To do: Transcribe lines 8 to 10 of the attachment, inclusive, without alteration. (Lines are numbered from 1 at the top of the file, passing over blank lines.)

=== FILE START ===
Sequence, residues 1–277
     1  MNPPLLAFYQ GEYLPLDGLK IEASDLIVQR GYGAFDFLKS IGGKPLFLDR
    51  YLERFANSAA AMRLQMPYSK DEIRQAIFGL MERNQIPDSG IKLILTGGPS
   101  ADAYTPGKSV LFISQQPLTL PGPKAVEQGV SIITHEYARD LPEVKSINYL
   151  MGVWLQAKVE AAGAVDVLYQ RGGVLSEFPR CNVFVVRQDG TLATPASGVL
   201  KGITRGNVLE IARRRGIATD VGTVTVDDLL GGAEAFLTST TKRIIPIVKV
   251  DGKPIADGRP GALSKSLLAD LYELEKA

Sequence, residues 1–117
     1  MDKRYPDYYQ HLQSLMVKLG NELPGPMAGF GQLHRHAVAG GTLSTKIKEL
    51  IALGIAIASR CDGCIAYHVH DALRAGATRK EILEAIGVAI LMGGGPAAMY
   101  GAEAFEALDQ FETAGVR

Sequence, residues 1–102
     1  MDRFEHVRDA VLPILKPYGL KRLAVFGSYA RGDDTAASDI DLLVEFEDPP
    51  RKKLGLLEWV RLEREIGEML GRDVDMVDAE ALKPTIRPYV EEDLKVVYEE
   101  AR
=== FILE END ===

Sequence, residues 1–117
     1  MDKRYPDYYQ HLQSLMVKLG NELPGPMAGF GQLHRHAVAG GTLSTKIKEL
    51  IALGIAIASR CDGCIAYHVH DALRAGATRK EILEAIGVAI LMGGGPAAMY